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McGannon Center Book Prize for 2018: Eubanks’ “Automating Inequality”

Virginia Eubanks

We are honored to announce that Virginia Eubank’s Automating Inequality: How High-Tech Tools Profile, Police and Punish the Poor has won our book prize for a manuscript published in 2018.

Many of us take for granted that algorithms define the ways in which we find products, read news stories, or meet people. As embedded as they have become in our lives, algorithms have come to feel self-justifying and inevitable. But we should be far more alert to their hazards. Algorithms can do as much harm as good when companies and governments employ them merely because they are available or, worse, trendy.

In Automating Inequality, Virginia Eubanks shows that algorithmic decisionmaking systems and automated predictive risk models can help to police streets, manage child welfare assignments, and provide support for the homeless.  But, to the extent officials uncritically employ them, she explains, these high-tech tools destroy lives, leaving the most vulnerable among us far worse off. These dangers are often obscured and forgotten when officials announce their procurement and use under the banner of “smart” “innovation.”

Automating Inequality is a masterful account of the ways in which automated systems sometimes worsen disparities between rich and poor, men and women, whites and people of color. The book, anchored by three principal case studies to which Eubanks returns throughout, tells the story of techniques that officials have used to administer criminal justice and social welfare services. She identifies the moment in each of the three when things go awry – when the blind faith in automated processes dramatically fail the very people they were meant to help.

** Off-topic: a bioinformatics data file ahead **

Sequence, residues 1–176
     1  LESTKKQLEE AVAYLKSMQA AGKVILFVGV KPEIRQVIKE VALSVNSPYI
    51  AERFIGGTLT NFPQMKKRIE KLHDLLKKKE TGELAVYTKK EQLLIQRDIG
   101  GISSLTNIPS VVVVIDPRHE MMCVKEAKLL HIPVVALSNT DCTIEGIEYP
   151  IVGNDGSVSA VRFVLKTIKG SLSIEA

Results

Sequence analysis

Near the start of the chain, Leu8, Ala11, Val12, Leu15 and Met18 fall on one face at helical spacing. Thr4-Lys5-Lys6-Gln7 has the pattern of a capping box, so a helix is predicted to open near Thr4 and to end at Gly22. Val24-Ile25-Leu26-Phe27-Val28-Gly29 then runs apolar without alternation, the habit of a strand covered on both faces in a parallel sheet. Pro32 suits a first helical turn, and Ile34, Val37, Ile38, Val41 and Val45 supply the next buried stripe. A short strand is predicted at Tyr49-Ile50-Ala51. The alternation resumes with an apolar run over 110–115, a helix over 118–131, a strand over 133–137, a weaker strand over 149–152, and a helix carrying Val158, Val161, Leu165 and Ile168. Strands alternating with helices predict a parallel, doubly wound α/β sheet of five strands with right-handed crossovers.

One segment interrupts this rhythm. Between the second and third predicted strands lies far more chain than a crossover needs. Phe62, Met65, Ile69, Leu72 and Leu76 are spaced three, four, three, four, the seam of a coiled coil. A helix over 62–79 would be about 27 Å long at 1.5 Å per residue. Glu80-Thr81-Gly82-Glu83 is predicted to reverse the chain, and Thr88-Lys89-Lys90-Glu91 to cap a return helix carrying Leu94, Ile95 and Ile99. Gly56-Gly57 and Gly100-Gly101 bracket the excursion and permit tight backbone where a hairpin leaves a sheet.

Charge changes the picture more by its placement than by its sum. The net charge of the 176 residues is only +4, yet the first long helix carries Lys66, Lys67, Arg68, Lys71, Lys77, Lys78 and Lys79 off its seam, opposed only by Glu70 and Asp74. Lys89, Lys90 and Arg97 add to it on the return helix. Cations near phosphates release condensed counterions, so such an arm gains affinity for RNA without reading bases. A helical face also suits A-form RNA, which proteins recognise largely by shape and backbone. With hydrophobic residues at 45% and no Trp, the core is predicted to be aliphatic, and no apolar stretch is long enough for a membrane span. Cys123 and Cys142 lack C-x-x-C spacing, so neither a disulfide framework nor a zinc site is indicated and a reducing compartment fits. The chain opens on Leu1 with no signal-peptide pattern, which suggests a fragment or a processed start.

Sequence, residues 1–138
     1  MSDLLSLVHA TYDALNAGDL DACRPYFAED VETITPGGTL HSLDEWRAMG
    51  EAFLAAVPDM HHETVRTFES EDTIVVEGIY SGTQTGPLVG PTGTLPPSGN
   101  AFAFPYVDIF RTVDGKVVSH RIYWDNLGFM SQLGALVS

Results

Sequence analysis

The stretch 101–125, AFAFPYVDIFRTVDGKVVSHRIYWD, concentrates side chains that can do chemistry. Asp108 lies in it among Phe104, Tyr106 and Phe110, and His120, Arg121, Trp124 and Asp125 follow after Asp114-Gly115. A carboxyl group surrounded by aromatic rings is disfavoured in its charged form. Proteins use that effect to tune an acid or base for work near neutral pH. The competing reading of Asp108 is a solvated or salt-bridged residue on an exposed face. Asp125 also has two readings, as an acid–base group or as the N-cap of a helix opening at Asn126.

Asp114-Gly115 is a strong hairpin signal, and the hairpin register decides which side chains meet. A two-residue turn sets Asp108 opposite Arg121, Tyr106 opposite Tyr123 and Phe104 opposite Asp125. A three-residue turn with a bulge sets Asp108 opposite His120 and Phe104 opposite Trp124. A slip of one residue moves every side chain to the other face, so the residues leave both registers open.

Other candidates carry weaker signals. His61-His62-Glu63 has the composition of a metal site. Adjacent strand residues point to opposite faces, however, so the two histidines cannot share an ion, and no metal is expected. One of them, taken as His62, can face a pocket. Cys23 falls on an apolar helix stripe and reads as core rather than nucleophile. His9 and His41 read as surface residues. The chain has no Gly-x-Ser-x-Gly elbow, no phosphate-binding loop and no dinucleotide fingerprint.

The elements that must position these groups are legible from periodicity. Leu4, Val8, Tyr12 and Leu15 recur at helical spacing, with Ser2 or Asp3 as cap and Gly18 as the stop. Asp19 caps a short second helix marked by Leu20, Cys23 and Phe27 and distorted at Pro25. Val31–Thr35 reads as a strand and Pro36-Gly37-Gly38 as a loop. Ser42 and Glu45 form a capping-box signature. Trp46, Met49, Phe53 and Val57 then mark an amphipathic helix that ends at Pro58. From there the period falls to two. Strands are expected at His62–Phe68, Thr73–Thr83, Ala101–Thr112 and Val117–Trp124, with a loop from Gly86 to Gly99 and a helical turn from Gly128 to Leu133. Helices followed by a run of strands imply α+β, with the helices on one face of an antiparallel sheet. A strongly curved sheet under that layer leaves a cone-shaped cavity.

It is this aspect of the book – its humanity – that earns it the McGannon Center’s book prize. Our mission is “to study and deepen knowledge of the role of communication technologies in society.  Its aim is to interrogate the ways in which media and networked communication technologies (1) constitute social, economic, cultural, and political arrangements and (2) affect the distribution, regulation, and control of information flows.” Automating Inequality speaks elegantly and directly to this mission.  It is with humility that we associate ourselves with this impressive work. (By way of comparison, the Center’s has awarded the book prize to a wide range of influential books, including Dark Matters by Simone Brown, The Googlization of Everything by Siva Vaidhyanathan, The Master Switch by Tim Wu, The Public Domain by James Boyle, The Future of Reputation by Daniel H. Solove, and The Wealth of Networks by Yochai Benkler.)

We will convene two events at the end of the semester (on May 2 for our Rose Hill students in the Bronx and a public event on May 3 at the Lincoln Center campus) to celebrate the book and examine the important issues it raises. At both, Ms. Eubanks will present her work. We will also be joined by luminaries who work at the intersection of social justice and data science, including Cathy O’Neil (award-winning author)Scott Levy (Special Counsel at the Bronx Defenders), and Ifeoma Ajunwa (Cornell). We will distribute details about the events in the coming weeks.